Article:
After the Peace without Borders concert in Cuba, Olga Tañon was back in Miami the next day and made a television appearance on Maria Elvira Live!, MegaTVs popular Spanish-language political talk show program (Tañon also appeared on another MegaTV program).
The picture above shows an emotional Maria Elvira after handing Olga Tañon a bouquet of flowers and thanking her for Sunday's performance [video]. Maria Elvira is immediately overwhelmed by emotions, crying and thanking Tañon "because you mentioned Miami, because you mentioned el exilio." She also gave thanks on behalf of her mother, a Cuban exile.
For weeks Maria Elvira Live! has produced an endless amount of programming analyzing the Peace without Borders concert. It was typical to see on her show some of the most hard-line figures in Miami opposed to the concert, but at some point Maria Elvira herself began seeing beyond the rhetoric, and saw hope. Hope that Cubans (exiled or not) would enjoy a wonderful concert, and maybe decide that it was time for change.
Time will tell what change brings.
Another very interesting thing also happened last night. Maria Elvira again interviewed Miguel Saavedra, leader of Vigilia Mambisa who organized a protest in Miami on Sunday, where they destroyed music CDs by participants of the Peace without Borders concert.
Saavedra was on the defensive [video]. He mentioned that it was not time for Cuban exiles to change, that they need to stay militant, and it is the others ("the leftists") that need to change. Saavedra even believed that the Peace without Borders was nothing special because hundreds of thousands of Cubans would have gone to any other concert held in Cuba. According to Saavedra, Cubans have "nothing else to do" and would pack a concert festival because "its the new thing."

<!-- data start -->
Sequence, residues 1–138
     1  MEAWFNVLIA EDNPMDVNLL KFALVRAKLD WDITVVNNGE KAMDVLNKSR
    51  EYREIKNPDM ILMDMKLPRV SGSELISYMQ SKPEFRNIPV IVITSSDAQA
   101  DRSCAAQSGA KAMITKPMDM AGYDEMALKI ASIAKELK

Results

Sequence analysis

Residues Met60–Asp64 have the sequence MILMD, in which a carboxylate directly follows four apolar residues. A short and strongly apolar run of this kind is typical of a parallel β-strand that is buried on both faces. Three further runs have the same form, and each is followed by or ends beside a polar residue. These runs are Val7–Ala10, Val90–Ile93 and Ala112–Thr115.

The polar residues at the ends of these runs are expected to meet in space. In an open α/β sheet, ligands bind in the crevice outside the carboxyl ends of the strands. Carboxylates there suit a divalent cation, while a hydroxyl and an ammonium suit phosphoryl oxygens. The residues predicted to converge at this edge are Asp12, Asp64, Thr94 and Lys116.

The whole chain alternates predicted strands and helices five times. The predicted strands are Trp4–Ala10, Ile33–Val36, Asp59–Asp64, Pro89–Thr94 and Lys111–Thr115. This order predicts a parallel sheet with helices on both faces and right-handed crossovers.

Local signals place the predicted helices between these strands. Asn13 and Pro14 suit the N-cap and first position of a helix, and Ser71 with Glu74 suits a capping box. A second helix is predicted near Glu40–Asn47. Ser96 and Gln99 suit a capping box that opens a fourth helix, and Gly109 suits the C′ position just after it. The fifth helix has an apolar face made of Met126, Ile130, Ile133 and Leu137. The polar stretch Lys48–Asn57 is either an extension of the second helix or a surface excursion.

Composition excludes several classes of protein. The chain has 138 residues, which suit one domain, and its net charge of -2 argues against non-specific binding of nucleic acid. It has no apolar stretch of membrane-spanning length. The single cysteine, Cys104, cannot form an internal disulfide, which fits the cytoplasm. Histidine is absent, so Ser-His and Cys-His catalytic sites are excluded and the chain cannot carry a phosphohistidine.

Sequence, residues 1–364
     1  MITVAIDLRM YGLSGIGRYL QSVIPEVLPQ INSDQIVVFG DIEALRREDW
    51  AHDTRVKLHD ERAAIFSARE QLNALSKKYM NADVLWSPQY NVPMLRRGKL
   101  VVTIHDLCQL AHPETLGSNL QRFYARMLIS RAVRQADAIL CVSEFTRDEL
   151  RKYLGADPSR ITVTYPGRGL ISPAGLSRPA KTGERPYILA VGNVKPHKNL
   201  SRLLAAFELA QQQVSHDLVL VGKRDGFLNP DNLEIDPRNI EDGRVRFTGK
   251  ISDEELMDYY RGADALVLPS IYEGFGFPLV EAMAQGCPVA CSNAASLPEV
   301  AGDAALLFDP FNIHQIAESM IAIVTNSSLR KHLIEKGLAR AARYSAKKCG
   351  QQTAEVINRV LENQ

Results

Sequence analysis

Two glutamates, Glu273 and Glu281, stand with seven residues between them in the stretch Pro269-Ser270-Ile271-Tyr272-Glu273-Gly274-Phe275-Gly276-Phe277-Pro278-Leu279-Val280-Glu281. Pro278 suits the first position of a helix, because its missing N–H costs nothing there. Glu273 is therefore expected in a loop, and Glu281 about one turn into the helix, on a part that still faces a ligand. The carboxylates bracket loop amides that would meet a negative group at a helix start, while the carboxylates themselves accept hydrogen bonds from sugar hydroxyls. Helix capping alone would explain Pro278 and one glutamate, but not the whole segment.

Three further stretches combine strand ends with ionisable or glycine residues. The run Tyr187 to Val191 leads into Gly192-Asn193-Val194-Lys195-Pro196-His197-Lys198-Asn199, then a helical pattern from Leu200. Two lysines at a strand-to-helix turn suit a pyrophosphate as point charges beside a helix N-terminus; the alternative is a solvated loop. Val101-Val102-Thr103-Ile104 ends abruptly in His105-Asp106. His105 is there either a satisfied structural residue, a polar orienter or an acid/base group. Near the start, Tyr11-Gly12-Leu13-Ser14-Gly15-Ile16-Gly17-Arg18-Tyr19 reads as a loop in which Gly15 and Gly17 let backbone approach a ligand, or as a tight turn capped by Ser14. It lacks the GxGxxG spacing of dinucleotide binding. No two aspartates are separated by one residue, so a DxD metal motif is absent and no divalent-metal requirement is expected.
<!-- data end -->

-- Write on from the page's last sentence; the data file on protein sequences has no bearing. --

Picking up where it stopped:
Saavedra is revealing his great ignorance here. There was another large music concert not long ago in Cuba in 2005 by the rock band Audioslave. That concert was described as "historic" gathering about 50-60 thousand young Cubans, but if we go by Saavedra's logic, then that concert should have gathered a similar number of concert-goers as Sunday's concert because Cubans have "nothing else to do" and "its the new thing." I personally believe Saavedra revealed his utter contempt for the people of Cuba.
Anway, despite Saavedra being constantly on the defensive (taking many opportunities to describe Maria Elvira as a communist, or a friend of communists), near the end of the interview Saavedra actually proposes the idea of changing the tactics of Vigilia Mambisa! He says that instead of smashing CDs, they should maybe consider aerial banners. Maria Elvira loved the idea. And, I give her a lot of credit for trying to explain to Saavedra how his protests continue to give the Cuban exile community a very bad image in the media.
But, I'm sure Saavedra knows that he needs to change his tactics, especially becuase of recent pressures, such as last month's Bendixen/Cuba Study Group poll [PDF] showing 74% of Cuban-Americans disapproving of Vigilia Mambisa smashing CDs, disapproval (but not condemnation) from leaders within the Cuban exile community, and Sunday's counter-protest from young Cubans at the Versailles Restaurant.
Also, Saavedra most likely knows how poorly Miami has viewed his recent protests. Here's a good video (in Spanish) showing random interviews with Cubans in Miami (two male adults, two female adults, one young woman) all showing their satisfaction with Sunday's Peace concert, one saying that it "shut up" those who opposed the concert, and two saying that those who smashed CD's (Vigilia Mambisa) might be (to put it nicely) a few card short of a full deck.
Now, the big question is: can Maria Elvira get Armando Perez Roura to change?